1. Why not have your say? To take part in forum conversations Sign In or Join. It’s fast, free and easy!
  2. Golden Rule: Be nice, respectful and avoid self-promotion.
    We pride ourselves on being the friendliest forums around. Check out our full guidelines and tips for new players.

    Login problems? Please update your forum URL bookmarks or saved credentials from HTTP to HTTPS (we have upgraded security)

Was redundancy the catalyst for your business?

Discussion in 'Starting your journey' started by Lucy Kippist, Aug 2, 2017.

  1. Lucy Kippist

    Lucy Kippist Active Member Staff Member

    Messages:
    229
    Likes Received:
    66
    Trophy Points:
    28
    Hi soloists,
    A good friend has just been made redundant from a job he has not liked for a very long time. He'll be paid out a significant amount of money too, so these two factors combined mean he's feeling very happy right now! A very creative person he's considering using the money to get a start on a business idea he's had for a long time. His story got me wondering how many soloists have also seized the opportunity from redundancy to start their journey here? I'm also keenly aware that redundancy is not always a happy time. What's been your experience? And what advice would you share with him from the get-go? Thanks in advance!
  2. Peter - FS Administrator

    Peter - FS Administrator Administrator Staff Member

    Messages:
    1,774
    Likes Received:
    784
    Trophy Points:
    113
    Hi Lucy,

    This is an interesting one. I know especially over the last several years (over GFC etc) that redundancies have been a catalyst for people to finally take the plunge and start their own thing (with a push). I think technology and globalisation are also making it easier for people to embrace the independent or freelance workstyle by choice.

    That's why think it can be great to be working on a business concept on the side, like your friend did, and start building some plans and contacts so that you're ready to take an opportunity when it presents itself. I think suddenly being made redundant and then trying to think of a plan B is less exciting!!

    Interesting topic :) Peter
    Lucy Kippist likes this.
  3. Mischelle

    Mischelle Renowned Member

    Messages:
    800
    Likes Received:
    545
    Trophy Points:
    93
    Hi Lucy,

    It wasn't in my case, but for 3 people I know, redundancy was the driving force behind them starting their own businesses.

    Redundancy can be a scary concept and combine that with starting your own business, can be truly terrifying BUT the only way for them to make it work was to look at the redundancy as a positive (IE the push they needed).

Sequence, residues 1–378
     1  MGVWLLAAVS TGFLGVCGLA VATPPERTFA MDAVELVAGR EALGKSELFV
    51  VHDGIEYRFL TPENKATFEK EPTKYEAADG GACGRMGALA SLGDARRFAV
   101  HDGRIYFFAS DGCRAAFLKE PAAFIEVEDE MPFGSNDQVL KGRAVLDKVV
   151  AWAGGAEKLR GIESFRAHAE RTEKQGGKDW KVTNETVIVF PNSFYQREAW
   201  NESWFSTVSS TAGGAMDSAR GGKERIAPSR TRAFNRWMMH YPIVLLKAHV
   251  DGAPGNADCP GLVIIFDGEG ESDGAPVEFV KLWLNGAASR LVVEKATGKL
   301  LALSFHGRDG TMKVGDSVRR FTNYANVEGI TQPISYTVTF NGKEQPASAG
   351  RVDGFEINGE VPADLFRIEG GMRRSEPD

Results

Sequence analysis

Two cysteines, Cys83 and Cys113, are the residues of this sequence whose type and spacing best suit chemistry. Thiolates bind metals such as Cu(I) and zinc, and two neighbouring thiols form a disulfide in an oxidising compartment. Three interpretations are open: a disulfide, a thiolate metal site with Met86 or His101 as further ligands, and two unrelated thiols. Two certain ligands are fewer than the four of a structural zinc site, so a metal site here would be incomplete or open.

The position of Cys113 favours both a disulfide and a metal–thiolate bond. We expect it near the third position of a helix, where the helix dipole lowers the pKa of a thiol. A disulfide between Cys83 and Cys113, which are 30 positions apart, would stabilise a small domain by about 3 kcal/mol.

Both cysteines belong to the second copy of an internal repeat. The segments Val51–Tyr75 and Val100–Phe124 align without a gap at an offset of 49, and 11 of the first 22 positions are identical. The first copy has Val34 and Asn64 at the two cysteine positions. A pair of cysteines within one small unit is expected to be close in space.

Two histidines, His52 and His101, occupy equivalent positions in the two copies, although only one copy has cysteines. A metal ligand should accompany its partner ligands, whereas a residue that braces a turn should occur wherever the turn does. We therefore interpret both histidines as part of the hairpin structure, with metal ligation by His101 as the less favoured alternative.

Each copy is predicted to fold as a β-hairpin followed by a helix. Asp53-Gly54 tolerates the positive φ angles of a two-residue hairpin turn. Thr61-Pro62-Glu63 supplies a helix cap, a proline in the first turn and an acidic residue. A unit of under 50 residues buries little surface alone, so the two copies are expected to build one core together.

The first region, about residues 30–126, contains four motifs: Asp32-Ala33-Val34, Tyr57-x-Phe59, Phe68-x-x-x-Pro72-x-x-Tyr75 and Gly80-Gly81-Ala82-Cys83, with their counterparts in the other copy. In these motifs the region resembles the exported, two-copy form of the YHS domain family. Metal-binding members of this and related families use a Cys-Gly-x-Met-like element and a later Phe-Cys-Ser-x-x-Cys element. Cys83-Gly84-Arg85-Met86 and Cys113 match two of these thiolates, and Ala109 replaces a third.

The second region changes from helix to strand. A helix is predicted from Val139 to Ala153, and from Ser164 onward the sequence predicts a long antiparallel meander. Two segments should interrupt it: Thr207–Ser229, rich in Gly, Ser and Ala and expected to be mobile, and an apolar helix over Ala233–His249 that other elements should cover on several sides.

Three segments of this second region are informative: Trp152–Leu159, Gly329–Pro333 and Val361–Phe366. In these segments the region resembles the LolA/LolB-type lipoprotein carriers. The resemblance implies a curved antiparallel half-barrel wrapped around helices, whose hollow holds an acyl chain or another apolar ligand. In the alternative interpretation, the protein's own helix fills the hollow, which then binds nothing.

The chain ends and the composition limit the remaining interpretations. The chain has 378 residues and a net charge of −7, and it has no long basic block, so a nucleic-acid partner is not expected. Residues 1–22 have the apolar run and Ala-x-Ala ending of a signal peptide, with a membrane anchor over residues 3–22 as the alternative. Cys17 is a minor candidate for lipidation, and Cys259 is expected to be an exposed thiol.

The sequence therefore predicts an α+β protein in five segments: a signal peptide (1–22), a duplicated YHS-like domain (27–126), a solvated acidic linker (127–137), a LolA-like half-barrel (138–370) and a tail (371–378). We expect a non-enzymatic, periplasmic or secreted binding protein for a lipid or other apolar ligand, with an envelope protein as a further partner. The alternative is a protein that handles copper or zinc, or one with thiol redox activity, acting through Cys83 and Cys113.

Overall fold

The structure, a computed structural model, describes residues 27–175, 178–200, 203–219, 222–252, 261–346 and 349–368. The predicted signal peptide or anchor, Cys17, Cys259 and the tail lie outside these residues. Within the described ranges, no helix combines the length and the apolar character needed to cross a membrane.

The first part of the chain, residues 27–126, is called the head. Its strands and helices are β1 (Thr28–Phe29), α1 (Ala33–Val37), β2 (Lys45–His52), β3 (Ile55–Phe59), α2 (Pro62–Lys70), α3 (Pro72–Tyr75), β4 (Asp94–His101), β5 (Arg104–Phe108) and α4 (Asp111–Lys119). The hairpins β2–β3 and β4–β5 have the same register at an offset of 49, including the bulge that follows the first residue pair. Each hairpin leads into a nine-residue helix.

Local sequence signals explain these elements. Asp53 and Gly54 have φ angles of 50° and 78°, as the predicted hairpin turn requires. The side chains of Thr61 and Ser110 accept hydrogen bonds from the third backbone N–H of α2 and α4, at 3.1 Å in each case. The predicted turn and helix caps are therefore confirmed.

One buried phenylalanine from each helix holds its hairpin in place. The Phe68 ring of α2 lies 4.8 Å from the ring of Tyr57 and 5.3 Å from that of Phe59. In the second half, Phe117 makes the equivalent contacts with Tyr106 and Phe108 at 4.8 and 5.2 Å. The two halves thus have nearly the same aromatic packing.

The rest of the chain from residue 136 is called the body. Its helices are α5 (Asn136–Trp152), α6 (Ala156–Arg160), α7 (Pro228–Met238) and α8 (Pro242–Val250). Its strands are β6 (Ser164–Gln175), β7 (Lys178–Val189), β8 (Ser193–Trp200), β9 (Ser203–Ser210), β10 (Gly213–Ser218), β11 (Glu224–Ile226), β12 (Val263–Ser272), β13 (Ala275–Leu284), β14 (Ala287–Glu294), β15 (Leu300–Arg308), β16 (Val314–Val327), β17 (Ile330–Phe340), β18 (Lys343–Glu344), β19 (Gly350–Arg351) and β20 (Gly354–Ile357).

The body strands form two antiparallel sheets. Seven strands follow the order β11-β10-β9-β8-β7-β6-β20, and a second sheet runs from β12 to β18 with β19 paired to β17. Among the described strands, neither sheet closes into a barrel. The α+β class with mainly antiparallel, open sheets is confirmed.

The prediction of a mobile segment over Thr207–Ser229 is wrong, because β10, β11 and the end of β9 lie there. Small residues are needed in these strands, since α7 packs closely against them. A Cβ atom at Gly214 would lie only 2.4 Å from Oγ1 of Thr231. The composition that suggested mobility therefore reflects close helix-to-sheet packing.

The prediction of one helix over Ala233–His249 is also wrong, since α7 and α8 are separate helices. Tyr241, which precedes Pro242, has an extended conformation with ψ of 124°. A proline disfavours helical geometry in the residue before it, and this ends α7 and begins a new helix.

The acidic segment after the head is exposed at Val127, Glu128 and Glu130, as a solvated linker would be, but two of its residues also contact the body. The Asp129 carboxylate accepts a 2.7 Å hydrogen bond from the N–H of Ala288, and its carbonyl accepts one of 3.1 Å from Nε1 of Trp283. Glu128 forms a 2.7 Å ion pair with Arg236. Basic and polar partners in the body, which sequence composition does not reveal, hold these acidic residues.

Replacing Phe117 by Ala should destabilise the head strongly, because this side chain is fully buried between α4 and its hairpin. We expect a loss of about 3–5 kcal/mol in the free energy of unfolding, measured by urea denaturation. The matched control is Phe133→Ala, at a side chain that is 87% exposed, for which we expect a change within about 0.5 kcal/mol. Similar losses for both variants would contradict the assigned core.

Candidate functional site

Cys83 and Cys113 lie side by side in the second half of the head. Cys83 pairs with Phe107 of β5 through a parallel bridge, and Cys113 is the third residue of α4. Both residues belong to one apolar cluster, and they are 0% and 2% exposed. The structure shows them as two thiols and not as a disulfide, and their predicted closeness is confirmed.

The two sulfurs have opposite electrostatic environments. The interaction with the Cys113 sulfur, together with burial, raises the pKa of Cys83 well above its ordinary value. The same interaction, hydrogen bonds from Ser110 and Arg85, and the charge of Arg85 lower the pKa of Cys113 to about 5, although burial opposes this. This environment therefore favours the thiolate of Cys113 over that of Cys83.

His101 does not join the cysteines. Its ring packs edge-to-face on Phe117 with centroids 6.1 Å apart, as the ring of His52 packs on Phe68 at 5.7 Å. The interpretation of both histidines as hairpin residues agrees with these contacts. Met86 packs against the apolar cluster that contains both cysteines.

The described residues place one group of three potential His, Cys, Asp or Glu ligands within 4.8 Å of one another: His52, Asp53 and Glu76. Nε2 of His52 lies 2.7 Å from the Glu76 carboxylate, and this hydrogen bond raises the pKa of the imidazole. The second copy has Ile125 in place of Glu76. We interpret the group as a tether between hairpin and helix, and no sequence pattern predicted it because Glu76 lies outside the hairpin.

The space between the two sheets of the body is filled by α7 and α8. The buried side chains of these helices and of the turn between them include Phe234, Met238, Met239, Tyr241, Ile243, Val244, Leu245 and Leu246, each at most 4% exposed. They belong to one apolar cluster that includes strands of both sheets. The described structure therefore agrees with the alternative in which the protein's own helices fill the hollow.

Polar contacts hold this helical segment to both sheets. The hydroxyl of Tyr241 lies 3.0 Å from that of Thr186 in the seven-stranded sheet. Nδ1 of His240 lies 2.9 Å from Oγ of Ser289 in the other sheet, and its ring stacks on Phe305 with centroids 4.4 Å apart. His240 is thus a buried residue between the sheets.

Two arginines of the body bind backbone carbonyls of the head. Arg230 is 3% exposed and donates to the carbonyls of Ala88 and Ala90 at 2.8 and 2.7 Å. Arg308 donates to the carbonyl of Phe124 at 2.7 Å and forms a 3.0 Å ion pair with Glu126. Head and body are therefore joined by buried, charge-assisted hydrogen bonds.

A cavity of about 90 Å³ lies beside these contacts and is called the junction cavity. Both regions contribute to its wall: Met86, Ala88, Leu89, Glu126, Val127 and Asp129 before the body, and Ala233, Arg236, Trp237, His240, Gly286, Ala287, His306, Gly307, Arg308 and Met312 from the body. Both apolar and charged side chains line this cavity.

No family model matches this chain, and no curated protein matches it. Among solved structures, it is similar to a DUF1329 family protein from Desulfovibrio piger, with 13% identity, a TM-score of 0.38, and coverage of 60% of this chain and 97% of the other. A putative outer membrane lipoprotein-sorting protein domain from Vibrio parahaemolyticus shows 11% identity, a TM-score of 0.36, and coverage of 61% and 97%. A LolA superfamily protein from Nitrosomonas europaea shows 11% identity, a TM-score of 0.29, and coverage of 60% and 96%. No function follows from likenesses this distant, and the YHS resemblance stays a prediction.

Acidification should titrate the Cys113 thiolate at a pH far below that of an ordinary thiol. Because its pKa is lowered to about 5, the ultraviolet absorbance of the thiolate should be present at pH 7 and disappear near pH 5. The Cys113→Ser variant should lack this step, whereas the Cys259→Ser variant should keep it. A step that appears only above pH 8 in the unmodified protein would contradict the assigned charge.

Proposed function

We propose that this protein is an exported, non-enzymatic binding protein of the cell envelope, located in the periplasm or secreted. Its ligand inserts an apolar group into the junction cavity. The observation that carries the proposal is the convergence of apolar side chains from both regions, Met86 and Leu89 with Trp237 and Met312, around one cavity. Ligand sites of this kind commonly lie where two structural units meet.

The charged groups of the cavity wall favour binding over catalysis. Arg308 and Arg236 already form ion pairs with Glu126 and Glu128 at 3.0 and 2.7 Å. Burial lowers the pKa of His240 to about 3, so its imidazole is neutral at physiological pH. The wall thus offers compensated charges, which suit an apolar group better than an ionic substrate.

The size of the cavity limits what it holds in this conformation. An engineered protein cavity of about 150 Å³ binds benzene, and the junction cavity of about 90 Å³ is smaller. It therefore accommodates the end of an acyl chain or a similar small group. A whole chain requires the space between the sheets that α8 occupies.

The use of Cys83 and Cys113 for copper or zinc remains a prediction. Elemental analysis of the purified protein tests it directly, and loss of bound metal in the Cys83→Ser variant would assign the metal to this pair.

2 of them took up franchise businesses as they had the funds to pay for them, and they could start easily, with all the tools and marketing in place and clients already in the area.

    1 started from scratch and I have to admit this one is more successful and happy as he wasn't limited by a franchise, but the world was his oyster LOL. He now works less hours and has 4 staff.

    Cheers
    Mischelle :):)
  4. bb1

    bb1 Renowned Member

    Messages:
    4,292
    Likes Received:
    2,268
    Trophy Points:
    143
    It was in my case, I actually went through 2 redundancies over my years, both were optional in as far as I didn't have to take them. Both lead to starting a business, and I think if they had not been the catalyst for making the jump, I would still be lost somewhere in the system.

    The first was go to Canberra or take a redundancy, I stayed in Melbourne and I walked straight into a 3 month's contract as an IT consultant, and ended up staying and becoming permanent for 10 years.

    The second was again my option, and I knew it would lead to other far greater life changing consequences besides just my job. But I jumped at the opportunity, and took what I call my tree change. I started my gardening business almost straight away, and couldn't have been much happier. The other consequence which I knew would happen occurred less then 12 months after the change, and looking back now I know that even knowing it would happen I made the best decision.

    Sometimes, it's a little kick along that make us realise that we can do it.
  5. Peter - FS Administrator

    Peter - FS Administrator Administrator Staff Member

    Messages:
    1,774
    Likes Received:
    784
    Trophy Points:
    113
    Hi Bert, the helpful kick along is so true! Often what appears bad or risky at the time turns out to be the best thing ever looking back! I found that after I left a 'perfectly good job' to venture out on my own :)
    Lucy Kippist likes this.
  6. Greg_M

    Greg_M Renowned Member

    Messages:
    1,650
    Likes Received:
    1,141
    Trophy Points:
    143
    One of the few times I actually had a job of sorts was running a small construction company spec building factories in the late 1980's.

    It wasn't exactly a redundancy, more of a financial beating actually..."the recession we had to have arrived" , and the factories we were building were worth about half what was paid for the dirt a few months earlier-end of business. I found myself recently divorced, no assets, no vehicle, no money. no tools, no work, nowhere to live...etc etc.

    The need to survive was the catalyst for starting a small business in a very sad economy.